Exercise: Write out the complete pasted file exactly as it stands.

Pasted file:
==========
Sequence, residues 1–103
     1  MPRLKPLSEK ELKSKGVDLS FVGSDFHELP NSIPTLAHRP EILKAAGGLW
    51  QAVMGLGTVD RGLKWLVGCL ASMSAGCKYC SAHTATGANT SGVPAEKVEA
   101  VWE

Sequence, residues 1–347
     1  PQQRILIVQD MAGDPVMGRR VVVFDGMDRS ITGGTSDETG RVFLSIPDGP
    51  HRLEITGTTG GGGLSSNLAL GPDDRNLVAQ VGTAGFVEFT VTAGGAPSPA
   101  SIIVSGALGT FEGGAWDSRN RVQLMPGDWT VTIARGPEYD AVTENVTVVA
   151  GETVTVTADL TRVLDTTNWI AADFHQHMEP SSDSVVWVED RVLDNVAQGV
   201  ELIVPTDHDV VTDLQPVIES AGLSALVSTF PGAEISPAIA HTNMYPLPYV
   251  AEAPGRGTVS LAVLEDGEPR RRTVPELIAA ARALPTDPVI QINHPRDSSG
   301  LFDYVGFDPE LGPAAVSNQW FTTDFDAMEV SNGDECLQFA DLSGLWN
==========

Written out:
Sequence, residues 1–103
     1  MPRLKPLSEK ELKSKGVDLS FVGSDFHELP NSIPTLAHRP EILKAAGGLW
    51  QAVMGLGTVD RGLKWLVGCL ASMSAGCKYC SAHTATGANT SGVPAEKVEA
   101  VWE

Sequence, residues 1–347
     1  PQQRILIVQD MAGDPVMGRR VVVFDGMDRS ITGGTSDETG RVFLSIPDGP
    51  HRLEITGTTG GGGLSSNLAL GPDDRNLVAQ VGTAGFVEFT VTAGGAPSPA
   101  SIIVSGALGT FEGGAWDSRN RVQLMPGDWT VTIARGPEYD AVTENVTVVA
   151  GETVTVTADL TRVLDTTNWI AADFHQHMEP SSDSVVWVED RVLDNVAQGV
   201  ELIVPTDHDV VTDLQPVIES AGLSALVSTF PGAEISPAIA HTNMYPLPYV
   251  AEAPGRGTVS LAVLEDGEPR RRTVPELIAA ARALPTDPVI QINHPRDSSG
   301  LFDYVGFDPE LGPAAVSNQW FTTDFDAMEV SNGDECLQFA DLSGLWN